Rece Hinds has bad about as bad of luck as one could imagine since he was drafted in the 2nd round by the Cincinnati Reds back in 2019. He played three games for Greeneville after the draft before an injury cost him the remainder of the 2019 season. In 2020 the season was cancelled, though Hinds was one of a few prospects that did spend time at the alternate site to get development time in. Then in 2021 he played the first month of the season in Low-A Daytona before he tore his meniscus in his knee and then missed two-and-a-half months before returning to Daytona for the final month of the season.

Playing time matters, particularly in development. It’s tougher to “figure things out” when you can’t be on the field and for Hinds, he’s lost a ton of playing time due to injuries. As we sit here on June 1st, the first two months of the season is the longest stretch Rece Hinds has had where he has stayed on the field without some interruption. The consistency of staying on the field may have helped him this past month.

Cincinnati sent Hinds to High-A Dayton to begin the 2022 season and they not only challenged him at the plate with the promotion, but they also challenged him by having him move from third base to right field after testing out a position change during spring training.

April did not go the way that Hinds would have liked in just about any aspect. He began the month by picking up two hits in his first two games. He then had the exact same number of hits, four, in the next 14 games to end the month. When things were all said and done, Hinds hit .138/.242/.276 with six walks and 33 strikeouts in 66 plate appearances. He struck out in half of his plate appearances during the month and as you would imagine, that’s really going to keep you from being any sort of productive.

Things seemed to change when the calendar flipped to May, though. Hinds went 1-5 on the first of the month, and then in a doubleheader on the following gameday he went 5-6 with two home runs. That day seemed to set the tone for the month and he didn’t look back. In 20 games during the month he hit .388/.474/.672 with 10 walks and 23 strikeouts in 78 plate appearances.

April .138 .242 .276 9.1% 50.0%
May .388 .474 .672 12.8% 29.5%

The difference is night-and-day. Hinds made enormous strides in how much contact he made, going from a strikeout rate that would never, ever work, to a strikeout rate that while high is acceptable and can work so long as he draws walks and hits for power. And did he ever do that.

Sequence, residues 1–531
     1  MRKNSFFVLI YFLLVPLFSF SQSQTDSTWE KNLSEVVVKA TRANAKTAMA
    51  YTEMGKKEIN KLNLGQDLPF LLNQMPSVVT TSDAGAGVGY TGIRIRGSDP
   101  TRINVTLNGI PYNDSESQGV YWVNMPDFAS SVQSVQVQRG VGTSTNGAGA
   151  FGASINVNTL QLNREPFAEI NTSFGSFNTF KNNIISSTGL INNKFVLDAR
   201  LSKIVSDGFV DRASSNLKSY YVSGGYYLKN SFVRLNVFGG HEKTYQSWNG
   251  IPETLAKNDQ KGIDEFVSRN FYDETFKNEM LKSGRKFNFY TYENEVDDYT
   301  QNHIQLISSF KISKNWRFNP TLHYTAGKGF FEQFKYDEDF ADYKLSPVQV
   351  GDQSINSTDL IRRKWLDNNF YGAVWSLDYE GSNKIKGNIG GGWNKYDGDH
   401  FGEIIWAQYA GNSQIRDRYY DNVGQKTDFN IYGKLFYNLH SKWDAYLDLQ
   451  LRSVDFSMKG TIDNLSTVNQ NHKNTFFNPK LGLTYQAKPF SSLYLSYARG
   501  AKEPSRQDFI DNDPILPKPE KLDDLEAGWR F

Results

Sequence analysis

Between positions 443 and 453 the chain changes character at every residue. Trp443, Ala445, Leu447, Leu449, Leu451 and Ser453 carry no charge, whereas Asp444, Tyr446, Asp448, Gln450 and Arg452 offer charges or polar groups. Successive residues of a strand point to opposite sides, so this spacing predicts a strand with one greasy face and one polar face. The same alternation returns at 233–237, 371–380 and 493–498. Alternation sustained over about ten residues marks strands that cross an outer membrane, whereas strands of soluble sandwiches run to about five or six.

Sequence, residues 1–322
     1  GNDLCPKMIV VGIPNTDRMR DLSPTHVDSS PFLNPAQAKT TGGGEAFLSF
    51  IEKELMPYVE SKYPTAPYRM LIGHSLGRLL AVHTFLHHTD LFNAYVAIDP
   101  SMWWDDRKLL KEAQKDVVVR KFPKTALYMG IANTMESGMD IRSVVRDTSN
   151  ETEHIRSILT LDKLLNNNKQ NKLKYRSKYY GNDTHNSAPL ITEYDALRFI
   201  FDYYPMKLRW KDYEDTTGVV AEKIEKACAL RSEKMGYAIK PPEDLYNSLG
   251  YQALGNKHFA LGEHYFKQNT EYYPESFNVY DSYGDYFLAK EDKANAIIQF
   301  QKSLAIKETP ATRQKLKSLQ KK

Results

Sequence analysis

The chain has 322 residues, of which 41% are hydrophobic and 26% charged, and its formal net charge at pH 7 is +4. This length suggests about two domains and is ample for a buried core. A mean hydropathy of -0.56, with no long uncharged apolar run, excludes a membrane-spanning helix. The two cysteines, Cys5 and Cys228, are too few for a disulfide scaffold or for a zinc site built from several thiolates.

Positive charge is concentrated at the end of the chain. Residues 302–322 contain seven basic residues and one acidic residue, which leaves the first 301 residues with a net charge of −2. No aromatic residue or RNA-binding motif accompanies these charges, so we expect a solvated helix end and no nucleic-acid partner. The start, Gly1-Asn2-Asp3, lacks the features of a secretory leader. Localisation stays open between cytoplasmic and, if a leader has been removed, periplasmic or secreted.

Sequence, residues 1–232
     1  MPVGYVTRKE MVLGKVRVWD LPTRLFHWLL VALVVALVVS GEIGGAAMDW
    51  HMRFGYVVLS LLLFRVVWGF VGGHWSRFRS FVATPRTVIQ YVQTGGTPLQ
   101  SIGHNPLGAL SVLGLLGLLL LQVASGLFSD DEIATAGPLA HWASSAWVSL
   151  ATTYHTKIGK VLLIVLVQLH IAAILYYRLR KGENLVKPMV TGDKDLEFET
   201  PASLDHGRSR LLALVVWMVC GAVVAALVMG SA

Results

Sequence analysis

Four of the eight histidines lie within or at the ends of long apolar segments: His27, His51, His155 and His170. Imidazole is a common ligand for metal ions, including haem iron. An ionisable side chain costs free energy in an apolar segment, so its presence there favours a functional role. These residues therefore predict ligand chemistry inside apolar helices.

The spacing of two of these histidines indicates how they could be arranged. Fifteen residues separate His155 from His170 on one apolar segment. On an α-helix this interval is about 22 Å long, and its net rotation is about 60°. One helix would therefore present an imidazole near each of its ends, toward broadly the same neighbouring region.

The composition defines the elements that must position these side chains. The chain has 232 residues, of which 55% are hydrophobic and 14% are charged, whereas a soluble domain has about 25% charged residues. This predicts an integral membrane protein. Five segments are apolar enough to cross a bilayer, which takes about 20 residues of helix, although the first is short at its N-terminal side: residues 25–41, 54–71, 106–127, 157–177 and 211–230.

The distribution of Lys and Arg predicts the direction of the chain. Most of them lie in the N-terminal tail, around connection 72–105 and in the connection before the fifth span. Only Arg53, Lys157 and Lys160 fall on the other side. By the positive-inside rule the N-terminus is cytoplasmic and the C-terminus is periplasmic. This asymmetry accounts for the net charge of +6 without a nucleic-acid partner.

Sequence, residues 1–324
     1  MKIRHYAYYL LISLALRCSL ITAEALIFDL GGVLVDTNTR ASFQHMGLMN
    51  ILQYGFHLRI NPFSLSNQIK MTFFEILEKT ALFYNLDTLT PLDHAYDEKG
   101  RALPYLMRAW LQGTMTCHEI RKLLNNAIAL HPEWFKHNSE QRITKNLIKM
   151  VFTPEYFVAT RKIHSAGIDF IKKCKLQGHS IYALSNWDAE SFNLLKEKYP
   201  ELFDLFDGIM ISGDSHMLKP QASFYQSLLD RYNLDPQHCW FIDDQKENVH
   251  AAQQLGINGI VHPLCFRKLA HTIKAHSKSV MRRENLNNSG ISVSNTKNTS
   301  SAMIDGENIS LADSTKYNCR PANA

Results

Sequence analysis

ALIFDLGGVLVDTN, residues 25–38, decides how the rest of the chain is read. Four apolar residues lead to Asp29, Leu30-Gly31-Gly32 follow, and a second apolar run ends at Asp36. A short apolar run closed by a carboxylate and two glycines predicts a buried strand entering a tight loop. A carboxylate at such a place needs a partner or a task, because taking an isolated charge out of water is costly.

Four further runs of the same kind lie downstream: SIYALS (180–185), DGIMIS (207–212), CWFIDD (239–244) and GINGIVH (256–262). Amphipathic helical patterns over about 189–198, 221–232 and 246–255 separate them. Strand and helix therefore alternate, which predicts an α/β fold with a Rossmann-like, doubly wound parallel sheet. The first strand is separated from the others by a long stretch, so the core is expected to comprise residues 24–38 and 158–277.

His BABIP during May was an absurdly high and unsustainable .550. Of course no one is expecting him, or anyone else for that matter, to hit .388 either. So while his BABIP will normalize some moving forward and his average (and thus the on-base percentage and slugging percentage) will drop off some from that baseline, the underlying rates of walks, contact, and power he showed during the month were big steps in the right direction and are quite sustainable numbers that could lead to quality production if they can remain where they were.

6 Responses

  1. kyblu50

    Would love to see him learn to play first base. Less likely to get injured.

    • Doug Gray

      That feels like a last resort. He’s an athletic guy with a big time arm. You’d be wasting both of those things at first base. If he continues to deal with injuries in the outfield, sure, that’s a move you consider. Right now, though, I wouldn’t be thinking about it.

  2. Jared

    Would love to know the average temperature for games in April compared to May?

  3. Optimist

    Sure the BABIP has to come down, but if he can put together 3 months of 1-2 BB/K ratio, .280/.290 avg, and power, he’s on his way.

    Question, though – the injuries seem a bit fluky, since he’s a big guy but doesn’t seem overbuilt/workout dependent. Is that the case, and does he have enough speed, when healthy, to remain a defensive OF?

  4. DaveCT

    The battle for future RF will be interesting. Cerda, Hinds, and Hendrick are all in the mix, at least as prototypical RF’s. A layer below, Confidan, Allen, and Almonte. Not to mention, whether and of the higher level middle infielders could hit their way into the conversation, as well. A good problem.